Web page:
Peckinpaugh: Over the past 12 months, there's been a lot of flexibility [in contracts]. I think a lot of that flexibility is starting to go away. And there’s obviously a lot of negotiation around force majeure language. Every hotel — every property, chain, etc. — has a different approach to that. That used to be sort of a standard and you didn't have to worry about that negotiation. Now, it’s front and center.   

What can suppliers do to make your jobs easier?

Branstrom: It goes back to basic customer service. I think with hotels, it’s all about collaboration. We have to work together. We really are in it together, and we need each other to get by. I like to work with hotels that are genuine and responsive. 

Herzberg: We're seeing a lot more clients getting their legal team involved with verbiage and redlining and all that fun stuff. We’re seeing that more than ever — all these red lines that go back and forth. It really comes down to partnership and flexibility. You’ve got to build that trust with your hotel partners, DMC partners and everybody else. 

Peckingpaugh: Proactive communication from the supplier community is going to be incredibly helpful. We try to do our best, and we’re monitoring what's going on in every destination that we can, but that's a difficult task. Keeping us abreast of what's going on locally as far as restrictions, any kind of local governmental regulations, anything around testing or other protocols, is really going to help us, particularly as everything changes. If we have more communication coming our way, it is going to help us drive more business to destinations that are opening more quickly and welcoming groups more rapidly. It might mean different destinations than what has been popular before. 

How are health and safety concerns and costs being addressed?

Herzberg: Each client is different. For some of the larger conventions we're planning on in the future, we're definitely utilizing the partnership with [health firm] Eurofins, especially for our Fortune 1000 clients. They enforce the protocols and make sure we're dotting the i's and crossing the t's, based on the destination and what their restrictions are and what the hotel’s protocols are. 

To say that we're not going to have anybody have Covid in our events is almost ludicrous. It's gonna happen — and it has happened in one of my events. You just need to have that plan of attack, and know what you're going to do to keep it calm with the client. This means educating the client beforehand that this could happen, and that if it happens we’ve already got a plan in place.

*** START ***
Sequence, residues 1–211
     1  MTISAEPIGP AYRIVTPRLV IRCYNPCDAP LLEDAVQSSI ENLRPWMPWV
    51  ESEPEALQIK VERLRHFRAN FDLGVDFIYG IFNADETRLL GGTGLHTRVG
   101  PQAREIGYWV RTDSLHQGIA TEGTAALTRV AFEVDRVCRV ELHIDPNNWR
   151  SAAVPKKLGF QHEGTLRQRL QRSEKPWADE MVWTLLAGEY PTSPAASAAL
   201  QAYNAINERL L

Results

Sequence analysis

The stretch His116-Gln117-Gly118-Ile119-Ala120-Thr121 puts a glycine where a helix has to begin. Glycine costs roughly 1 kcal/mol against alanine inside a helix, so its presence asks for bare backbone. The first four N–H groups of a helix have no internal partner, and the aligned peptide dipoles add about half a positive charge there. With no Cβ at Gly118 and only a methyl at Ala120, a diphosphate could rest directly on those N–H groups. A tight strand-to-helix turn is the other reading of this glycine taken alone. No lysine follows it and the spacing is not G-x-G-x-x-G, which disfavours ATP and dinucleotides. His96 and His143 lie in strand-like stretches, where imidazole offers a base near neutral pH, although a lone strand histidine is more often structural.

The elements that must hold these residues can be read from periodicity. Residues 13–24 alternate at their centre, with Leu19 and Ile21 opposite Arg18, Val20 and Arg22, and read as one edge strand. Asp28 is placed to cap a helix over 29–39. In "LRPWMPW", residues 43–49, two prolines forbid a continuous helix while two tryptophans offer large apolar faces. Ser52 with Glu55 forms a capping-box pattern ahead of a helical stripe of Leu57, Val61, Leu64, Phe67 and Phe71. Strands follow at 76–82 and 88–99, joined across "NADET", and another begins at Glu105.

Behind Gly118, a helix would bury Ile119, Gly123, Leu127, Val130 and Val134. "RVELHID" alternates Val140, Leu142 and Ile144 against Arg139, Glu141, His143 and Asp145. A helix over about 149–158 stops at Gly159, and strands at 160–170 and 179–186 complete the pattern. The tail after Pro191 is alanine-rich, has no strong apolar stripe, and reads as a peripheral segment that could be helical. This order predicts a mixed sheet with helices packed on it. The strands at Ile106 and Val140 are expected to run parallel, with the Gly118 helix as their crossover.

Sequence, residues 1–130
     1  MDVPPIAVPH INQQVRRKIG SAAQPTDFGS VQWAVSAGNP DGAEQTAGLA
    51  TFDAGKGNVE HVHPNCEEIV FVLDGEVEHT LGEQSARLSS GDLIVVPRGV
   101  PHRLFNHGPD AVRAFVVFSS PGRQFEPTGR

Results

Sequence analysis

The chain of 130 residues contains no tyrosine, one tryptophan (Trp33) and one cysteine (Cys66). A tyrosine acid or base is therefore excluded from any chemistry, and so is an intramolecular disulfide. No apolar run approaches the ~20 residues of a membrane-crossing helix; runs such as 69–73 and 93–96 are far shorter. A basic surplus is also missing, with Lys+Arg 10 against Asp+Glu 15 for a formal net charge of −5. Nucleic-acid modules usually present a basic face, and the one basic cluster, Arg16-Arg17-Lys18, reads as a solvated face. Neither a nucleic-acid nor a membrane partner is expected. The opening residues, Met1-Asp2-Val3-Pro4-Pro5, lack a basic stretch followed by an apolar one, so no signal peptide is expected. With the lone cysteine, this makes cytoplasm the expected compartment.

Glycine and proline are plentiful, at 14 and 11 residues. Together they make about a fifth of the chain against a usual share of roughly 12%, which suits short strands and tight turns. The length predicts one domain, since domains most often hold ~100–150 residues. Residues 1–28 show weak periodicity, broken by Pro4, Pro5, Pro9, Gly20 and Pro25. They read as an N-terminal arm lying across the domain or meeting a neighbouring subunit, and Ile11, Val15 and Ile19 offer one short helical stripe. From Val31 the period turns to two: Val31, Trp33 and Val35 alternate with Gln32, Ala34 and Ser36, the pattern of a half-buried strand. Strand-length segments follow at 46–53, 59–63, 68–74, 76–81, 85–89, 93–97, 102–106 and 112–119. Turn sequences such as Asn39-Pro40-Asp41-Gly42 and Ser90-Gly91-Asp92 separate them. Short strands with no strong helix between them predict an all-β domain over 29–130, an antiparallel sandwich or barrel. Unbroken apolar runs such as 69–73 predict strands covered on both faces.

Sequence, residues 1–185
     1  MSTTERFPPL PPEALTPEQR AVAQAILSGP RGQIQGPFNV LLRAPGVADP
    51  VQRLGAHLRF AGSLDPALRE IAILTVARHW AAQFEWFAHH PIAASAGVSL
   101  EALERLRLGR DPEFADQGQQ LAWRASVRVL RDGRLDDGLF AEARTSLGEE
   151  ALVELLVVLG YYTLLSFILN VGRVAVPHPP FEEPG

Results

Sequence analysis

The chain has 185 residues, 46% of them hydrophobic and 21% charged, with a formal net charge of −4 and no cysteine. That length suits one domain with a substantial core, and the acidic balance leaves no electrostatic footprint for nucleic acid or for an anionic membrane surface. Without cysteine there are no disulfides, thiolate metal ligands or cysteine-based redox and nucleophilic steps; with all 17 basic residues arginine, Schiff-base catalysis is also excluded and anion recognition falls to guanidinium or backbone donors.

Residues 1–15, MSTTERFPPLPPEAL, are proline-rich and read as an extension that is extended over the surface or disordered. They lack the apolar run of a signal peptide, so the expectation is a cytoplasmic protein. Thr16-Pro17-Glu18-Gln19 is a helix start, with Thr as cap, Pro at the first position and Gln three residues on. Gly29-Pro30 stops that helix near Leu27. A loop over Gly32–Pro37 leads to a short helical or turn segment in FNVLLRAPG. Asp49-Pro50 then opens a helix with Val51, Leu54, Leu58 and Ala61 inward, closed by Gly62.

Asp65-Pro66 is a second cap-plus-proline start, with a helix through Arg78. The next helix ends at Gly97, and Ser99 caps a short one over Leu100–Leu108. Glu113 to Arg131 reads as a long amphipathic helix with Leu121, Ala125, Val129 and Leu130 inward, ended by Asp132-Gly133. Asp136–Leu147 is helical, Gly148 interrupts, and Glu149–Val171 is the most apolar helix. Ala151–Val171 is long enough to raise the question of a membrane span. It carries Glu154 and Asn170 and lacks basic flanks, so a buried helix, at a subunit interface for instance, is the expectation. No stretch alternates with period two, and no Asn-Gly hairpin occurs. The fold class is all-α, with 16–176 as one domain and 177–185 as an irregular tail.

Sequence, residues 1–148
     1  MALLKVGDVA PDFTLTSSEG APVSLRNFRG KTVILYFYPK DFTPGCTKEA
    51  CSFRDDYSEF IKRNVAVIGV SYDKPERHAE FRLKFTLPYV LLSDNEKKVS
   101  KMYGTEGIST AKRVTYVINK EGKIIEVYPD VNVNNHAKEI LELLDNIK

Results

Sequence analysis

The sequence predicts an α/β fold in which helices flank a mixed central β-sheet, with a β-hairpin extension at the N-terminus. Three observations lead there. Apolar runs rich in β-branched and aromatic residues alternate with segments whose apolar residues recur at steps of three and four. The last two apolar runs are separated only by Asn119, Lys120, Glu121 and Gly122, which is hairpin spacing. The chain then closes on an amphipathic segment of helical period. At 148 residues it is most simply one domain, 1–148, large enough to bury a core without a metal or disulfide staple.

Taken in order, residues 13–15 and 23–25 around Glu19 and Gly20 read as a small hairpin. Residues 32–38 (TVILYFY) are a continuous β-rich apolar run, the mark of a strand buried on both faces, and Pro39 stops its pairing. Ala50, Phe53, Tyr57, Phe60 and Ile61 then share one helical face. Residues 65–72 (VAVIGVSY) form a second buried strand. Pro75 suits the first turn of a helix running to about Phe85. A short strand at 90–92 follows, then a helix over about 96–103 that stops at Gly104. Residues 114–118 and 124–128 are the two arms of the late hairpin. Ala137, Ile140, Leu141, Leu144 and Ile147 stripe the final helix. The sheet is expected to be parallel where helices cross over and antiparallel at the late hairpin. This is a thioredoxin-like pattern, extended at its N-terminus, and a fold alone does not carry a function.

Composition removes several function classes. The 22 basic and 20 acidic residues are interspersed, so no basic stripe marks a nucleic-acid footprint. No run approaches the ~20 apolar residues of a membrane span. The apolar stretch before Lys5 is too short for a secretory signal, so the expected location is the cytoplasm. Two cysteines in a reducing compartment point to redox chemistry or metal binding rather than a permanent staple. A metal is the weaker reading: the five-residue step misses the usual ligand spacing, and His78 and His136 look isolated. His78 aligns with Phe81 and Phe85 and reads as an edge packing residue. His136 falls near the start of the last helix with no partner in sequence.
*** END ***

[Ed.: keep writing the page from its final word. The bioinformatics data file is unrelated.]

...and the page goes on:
Hecht: I had an isolated situation I was dealing with yesterday. We have a client going to Vegas. It just so happens there's a performance by Lionel Richie on one of the nights where the participants were going to be free and just doing a cocktail party. The client wants the entire group to go, which is fine. It will be 100 percent capacity in September for concert venues in Vegas. But there’s a mandatory Covid test for every single person going into that show, and it's a $25 per-person test cost. I was able to explain that to the client, and I said let's account for it in the budget. They understood, and the name of Lionel Richie helped to outweigh the cost.

Peckinpaugh: We're not seeing any pushback; I think it's the cost of doing business. That's the reality. It should not be a deciding factor. I think it's our job as planners to keep educating them. 

Which industries are bringing back incentive travel?

Branstrom: Software and IT firms. And they're definitely firsts for me. I used to be a planner for Chrysler, so I still know people there. It's one step forward, one step back [for their incentive program] because Michigan's Covid rates are so bad. It's very, very hard because they get excited [to hold travel programs again], I do the RFPs and then, shoot, they can't leave their houses again, so the perception just goes down. It's a lot of back and forth.